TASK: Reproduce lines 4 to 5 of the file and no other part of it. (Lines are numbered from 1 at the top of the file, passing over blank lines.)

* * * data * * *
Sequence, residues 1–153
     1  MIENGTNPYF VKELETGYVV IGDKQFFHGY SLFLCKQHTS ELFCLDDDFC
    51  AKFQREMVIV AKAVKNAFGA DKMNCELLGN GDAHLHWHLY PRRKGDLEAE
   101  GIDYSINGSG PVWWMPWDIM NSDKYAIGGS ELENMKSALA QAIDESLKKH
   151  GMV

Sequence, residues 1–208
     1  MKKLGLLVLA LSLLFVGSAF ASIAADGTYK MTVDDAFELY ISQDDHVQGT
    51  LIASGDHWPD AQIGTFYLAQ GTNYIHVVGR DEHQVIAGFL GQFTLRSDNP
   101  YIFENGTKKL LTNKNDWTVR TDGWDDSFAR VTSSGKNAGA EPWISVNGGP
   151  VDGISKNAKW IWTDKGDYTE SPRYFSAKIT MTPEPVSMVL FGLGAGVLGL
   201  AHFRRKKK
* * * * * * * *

   101  GIDYSINGSG PVWWMPWDIM NSDKYAIGGS ELENMKSALA QAIDESLKKH
   151  GMV